Widespread demonstrations began in early June in the Kashmir Valley, and cities have been under curfew for several days. Curfew passes issued to journalists last week were cancelled. New passes were then issued to a few editors and senior journalists.

But on 9 July, BBC Urdu service journalist Riaz Masroor was stopped at a police check point and beaten as he was on his way to collect his curfew pass. And on 6 July, at least 12 photographers and cameramen working for local, national and international media suffered serious injuries after being assaulted by security forces trying to stop them from recording the demonstrations. Some had their equipment confiscated. "Senior police officers were heard remarking that without media attention the demonstrations would soon lose momentum," reports IFJ.

Many of the area's more than 60 newspapers decided to suspend publication because of the small number of curfew passes issued to staff and continued attacks on media.

In the region of Jammu, authorities sealed the premises of three publications on 2 July alleging they had carried false news reports that aggravated tensions between religious communities. The next day, two newspapers in English and Urdu, were seized. Text-messaging services remain suspended and telephone services are frequently disrupted in the Kashmir region.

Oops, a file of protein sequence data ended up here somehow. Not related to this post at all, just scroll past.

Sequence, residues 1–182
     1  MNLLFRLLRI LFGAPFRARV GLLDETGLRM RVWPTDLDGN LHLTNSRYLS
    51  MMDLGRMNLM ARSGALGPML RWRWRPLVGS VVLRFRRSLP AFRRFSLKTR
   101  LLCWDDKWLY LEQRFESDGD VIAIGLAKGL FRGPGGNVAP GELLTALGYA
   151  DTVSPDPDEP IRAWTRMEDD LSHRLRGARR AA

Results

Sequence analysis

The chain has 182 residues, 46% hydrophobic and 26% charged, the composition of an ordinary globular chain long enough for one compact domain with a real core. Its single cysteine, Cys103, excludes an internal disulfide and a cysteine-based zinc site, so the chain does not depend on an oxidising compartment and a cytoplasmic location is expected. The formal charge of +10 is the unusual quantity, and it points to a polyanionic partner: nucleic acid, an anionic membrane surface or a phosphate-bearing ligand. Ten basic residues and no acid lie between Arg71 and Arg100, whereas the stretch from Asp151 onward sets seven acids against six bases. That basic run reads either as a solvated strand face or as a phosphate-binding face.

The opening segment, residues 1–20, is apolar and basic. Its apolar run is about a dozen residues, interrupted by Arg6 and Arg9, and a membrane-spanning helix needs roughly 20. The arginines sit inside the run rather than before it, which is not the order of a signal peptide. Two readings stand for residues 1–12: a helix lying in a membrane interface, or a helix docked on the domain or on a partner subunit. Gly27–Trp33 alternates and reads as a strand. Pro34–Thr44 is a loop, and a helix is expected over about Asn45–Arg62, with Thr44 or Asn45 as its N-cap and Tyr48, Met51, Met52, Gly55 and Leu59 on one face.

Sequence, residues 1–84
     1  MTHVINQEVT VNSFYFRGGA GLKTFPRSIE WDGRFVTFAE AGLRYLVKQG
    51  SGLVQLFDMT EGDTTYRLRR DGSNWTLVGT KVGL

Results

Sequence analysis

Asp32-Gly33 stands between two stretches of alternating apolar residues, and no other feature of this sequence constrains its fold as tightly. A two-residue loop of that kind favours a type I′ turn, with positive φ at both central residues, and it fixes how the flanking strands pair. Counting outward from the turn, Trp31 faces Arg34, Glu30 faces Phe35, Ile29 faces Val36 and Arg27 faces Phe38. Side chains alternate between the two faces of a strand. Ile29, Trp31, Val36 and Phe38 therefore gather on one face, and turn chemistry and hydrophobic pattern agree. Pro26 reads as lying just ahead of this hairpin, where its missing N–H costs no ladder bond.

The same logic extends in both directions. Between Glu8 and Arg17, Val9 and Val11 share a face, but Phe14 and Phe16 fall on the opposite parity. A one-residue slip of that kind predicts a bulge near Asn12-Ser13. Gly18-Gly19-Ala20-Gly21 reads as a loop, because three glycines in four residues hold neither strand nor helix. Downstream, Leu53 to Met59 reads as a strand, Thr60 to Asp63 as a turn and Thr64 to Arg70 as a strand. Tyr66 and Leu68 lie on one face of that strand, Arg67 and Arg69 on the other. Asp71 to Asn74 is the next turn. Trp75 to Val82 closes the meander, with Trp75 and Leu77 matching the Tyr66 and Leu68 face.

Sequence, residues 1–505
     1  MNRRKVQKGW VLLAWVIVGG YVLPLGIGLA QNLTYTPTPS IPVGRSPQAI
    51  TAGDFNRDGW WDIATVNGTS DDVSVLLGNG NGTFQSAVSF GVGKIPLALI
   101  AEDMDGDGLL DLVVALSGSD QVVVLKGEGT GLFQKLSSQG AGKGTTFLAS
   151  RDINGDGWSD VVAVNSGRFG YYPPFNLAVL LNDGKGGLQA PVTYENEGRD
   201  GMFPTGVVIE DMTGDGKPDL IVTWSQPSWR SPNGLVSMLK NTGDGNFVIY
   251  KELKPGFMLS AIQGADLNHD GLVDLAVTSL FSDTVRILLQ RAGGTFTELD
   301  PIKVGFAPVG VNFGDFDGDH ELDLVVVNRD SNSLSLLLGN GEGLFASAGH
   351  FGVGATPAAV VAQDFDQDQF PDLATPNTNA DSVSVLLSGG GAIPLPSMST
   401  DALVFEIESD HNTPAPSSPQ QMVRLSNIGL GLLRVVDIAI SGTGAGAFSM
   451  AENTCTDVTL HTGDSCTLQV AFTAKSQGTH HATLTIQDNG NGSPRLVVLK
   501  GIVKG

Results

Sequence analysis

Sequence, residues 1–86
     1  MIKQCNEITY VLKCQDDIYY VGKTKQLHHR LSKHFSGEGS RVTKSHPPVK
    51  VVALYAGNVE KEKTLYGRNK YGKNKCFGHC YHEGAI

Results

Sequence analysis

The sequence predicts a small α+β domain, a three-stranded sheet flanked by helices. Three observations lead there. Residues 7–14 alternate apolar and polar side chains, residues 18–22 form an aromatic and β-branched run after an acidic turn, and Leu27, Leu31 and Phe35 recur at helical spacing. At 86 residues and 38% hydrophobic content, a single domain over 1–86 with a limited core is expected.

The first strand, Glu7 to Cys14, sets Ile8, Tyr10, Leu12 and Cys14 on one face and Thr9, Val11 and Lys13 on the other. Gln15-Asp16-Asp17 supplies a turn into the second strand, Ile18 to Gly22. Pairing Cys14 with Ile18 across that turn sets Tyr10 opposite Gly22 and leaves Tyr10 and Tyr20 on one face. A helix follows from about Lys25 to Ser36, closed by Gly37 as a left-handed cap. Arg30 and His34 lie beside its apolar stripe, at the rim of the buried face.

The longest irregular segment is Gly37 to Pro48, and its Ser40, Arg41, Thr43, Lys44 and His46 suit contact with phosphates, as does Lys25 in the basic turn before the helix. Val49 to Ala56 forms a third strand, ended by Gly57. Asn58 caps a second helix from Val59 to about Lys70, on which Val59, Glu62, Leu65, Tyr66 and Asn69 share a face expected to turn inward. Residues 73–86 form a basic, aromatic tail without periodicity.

But not all journalists are being denied access. Journalists flying in from Delhi, the capital, are being given armed protection and considerable freedom of movement, while local journalists are confined to their homes under curfew, say IFJ and CPJ. "The story of the ongoing troubles in Kashmir needs to be told," IFJ said. "But it also should be told by journalists based in Kashmir."

Government forces have arrested dozens of suspected separatists and activists, say news reports.

Meanwhile, in the southern Indian state of Andhra Pradesh, freelance journalist Hem Chandra Pandey was killed on 2 July while covering an armed conflict between police and Maoist cadres of the Communist Party of India. Pandey had travelled to Nagpur to interview the leader of the party. He "was well within his rights in seeking to interview an insurgent leader, especially in the context of ongoing peace moves," said IFJ.

And in another southern state, Kerala, magazine editor T.P. Nandakumar was arrested on defamation charges on 3 July after writing about an Indian businessman, who is a resident in the Gulf emirate of Abu Dhabi. Nandakumar was under court injunction not to publish any material on the businessman, the complainant. His arrest came after an article was posted on the "Crime Magazine" website. Nandakumar was released on bail the next day.

"Crime Magazine" is widely read because of its coverage of alleged misdeeds of several major political parties in the state, having a significant political impact.

Source :

Three Depressed terrorists

Three Depressed terrorists
Terrorism is inhuman act, an evil concept